By Roy Mathur, The Independent Daily, Mauritius, 2012-10-08
Certain pieces of software are the bread-and-butter of everyday computing. Top of the list are the Office Suites. Almost everyone is familiar with the Microsoft Office family and many are now also familiar with free Open Source software such as OpenOffice. So this week I'll give you a quick run-down of a few free office suites, the best of which trump Microsoft Office and begs the question of why you should even contemplate paying for office suites at all—even if it's a really cheap, pirated copy of Microsoft Office 2010 from Raj the DVD man at the market.
At the moment LibreOffice is probably the most popular Open Source office suite on the planet. Available for Windows, Mac OS X and Linux with multi-language support, this is a sleek and easy-to-use office suite. In my opinion, it is even better than Microsoft Office. Cleverly, they have ignored Microsoft's baffling adoption of a fashionable looking, but clunky Ribbon GUI in favour of the old, tried-and-tested menu system familiar to most users. It is, however, still very easy to customise the look and feel of LibreOffice's GUI. And, like all OpenOffice variants, you can even choose to configure the layout with the traditional and eye-soothing white text on a blue background familiar to Word Perfect users of yore. Nice.
Here is the suite that started the whole Open Source office freeware fun and spared us all from the drudgery of bloated, expensive and needlessly complicated Microsoft Office. Folded into the Open Source code amalgam that is Apache OpenOffice are Star Office, Oracle Open Office, OpenOffice.org Suite and soon IBM Lotus Symphony. Until a week ago, this was my preferred office suite. I gave up using it because LibreOffice simply feels better put together with less rough edges. However, if you want to try it out, I suggest that you wait for the upcoming version 4.0 when all the forks are finally merged.
Oxygen Office Professional is basically Open Office with some extra bells and whistles. For instance, there are thousands of royalty-free clip-art graphics, photographs, fonts and document templates bundled into the default installation. There is also an extensive online help system included.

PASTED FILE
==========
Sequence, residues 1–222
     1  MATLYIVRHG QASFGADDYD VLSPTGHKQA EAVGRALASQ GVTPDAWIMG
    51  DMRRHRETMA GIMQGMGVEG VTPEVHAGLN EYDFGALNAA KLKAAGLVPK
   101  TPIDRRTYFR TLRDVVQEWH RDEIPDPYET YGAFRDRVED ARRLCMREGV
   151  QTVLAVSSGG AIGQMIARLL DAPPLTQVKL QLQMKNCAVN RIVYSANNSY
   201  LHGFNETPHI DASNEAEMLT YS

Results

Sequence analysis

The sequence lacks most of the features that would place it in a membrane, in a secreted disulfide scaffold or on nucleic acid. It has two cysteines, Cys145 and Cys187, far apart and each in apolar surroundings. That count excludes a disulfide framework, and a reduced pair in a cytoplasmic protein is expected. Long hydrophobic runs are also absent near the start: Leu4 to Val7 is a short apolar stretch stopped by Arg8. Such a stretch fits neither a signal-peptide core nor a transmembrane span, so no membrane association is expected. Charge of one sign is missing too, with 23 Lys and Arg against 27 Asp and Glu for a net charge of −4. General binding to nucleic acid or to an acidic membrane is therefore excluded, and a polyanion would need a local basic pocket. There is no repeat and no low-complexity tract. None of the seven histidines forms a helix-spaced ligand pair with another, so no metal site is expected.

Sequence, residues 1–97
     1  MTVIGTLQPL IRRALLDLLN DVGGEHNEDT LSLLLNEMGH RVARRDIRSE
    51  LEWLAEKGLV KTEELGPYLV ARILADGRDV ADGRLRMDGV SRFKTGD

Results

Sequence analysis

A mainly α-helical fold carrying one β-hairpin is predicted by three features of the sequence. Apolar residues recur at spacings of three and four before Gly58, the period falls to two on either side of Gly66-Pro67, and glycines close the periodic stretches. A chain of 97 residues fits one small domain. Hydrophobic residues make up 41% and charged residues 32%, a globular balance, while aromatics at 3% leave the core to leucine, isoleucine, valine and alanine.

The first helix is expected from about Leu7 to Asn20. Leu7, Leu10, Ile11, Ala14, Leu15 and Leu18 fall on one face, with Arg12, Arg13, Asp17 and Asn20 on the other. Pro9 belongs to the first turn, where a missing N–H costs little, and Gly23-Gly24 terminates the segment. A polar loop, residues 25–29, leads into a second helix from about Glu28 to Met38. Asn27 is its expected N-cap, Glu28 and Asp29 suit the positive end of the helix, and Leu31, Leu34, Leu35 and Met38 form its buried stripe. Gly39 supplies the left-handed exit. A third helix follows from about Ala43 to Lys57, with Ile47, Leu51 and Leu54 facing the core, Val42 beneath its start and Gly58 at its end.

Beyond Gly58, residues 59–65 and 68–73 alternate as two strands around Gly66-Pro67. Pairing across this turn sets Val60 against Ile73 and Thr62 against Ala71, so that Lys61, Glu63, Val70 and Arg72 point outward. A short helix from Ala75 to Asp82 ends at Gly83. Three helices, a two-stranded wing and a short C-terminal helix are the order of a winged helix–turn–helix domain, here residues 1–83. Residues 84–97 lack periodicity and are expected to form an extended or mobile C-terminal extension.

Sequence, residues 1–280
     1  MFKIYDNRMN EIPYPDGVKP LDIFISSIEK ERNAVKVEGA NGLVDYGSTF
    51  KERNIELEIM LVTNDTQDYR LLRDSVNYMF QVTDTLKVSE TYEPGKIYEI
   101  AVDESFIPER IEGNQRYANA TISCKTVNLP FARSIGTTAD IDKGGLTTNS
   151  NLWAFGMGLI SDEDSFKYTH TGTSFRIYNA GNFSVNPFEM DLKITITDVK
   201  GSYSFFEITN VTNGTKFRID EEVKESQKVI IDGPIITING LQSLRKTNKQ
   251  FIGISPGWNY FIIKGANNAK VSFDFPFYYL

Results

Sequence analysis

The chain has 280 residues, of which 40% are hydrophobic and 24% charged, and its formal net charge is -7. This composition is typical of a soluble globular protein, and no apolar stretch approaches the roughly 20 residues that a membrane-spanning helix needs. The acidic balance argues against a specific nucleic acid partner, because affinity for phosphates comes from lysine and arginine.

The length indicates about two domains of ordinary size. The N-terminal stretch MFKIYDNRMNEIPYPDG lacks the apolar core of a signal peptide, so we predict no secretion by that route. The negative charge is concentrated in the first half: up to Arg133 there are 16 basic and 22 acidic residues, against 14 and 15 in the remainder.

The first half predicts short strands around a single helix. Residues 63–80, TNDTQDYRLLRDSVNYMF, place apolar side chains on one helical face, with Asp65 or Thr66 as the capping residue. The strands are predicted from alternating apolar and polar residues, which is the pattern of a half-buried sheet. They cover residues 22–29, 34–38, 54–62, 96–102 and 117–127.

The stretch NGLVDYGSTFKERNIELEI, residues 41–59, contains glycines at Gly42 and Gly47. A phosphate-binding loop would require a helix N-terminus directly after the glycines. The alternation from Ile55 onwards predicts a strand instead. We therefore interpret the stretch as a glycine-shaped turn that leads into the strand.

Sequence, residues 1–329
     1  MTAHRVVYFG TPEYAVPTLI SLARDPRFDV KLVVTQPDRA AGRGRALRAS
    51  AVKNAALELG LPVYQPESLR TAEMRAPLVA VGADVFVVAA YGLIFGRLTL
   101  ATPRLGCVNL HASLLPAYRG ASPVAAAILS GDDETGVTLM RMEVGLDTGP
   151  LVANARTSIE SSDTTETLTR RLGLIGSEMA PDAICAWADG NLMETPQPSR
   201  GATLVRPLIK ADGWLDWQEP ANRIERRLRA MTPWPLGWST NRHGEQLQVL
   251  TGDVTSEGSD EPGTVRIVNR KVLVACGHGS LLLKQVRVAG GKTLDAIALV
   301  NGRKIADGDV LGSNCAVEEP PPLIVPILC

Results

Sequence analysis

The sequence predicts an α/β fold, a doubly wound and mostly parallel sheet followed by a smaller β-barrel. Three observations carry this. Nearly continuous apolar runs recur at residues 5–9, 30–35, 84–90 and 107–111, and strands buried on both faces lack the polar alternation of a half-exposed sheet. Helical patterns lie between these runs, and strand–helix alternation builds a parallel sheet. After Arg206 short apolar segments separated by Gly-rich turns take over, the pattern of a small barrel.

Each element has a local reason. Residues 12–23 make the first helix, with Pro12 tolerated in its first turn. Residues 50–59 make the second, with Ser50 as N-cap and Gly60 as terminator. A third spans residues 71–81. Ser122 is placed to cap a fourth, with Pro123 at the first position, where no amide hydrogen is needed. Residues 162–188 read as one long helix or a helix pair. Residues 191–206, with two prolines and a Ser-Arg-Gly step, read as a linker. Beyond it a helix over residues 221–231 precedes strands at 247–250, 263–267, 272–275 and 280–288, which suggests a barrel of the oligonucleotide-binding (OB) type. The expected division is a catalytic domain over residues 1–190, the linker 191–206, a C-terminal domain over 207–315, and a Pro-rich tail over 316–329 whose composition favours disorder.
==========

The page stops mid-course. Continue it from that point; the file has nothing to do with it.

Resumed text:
Kingsoft Office Suite Free 2012 is, as the name suggests, free. Though it isn't Open Source, it does seem to have garnered some favourable reviews online. But, although it appears to have no telling faults, there also doesn't seem to be any compelling reason to invest time in learning to use it either because the competition from LibreOffice is simply too fierce. The only real negative aspect to this product are that some incompatibilities have been reported when using documents saved in Microsoft Office 2007 or 2010 format.
At the moment LibreOffice is undoubtedly king-of-the-hill. While Oxygen Office Professional is convenient for the novice user as a one-stop-shop, LibreOffice is still the suite I'd recommend for most users. It is just so much slicker and bug-free than all other suites based on the OpenOffice code-base. If you want to try something a little different, wait until Apache OpenOffice reaches version 4.0 and merges with IBM Lotus Symphony. Finally, if your needs only stretch to a word processor and you can live without a spreadsheet, presentation software or a database, then you might just want to try out a lightweight word processor like Abiword.
Oxygen Office Professional—sourceforge.net/projects/ooop
Kingsoft Office Suite Free 2012—kingsoftstore.co.uk/kingsoft-office-freeware.html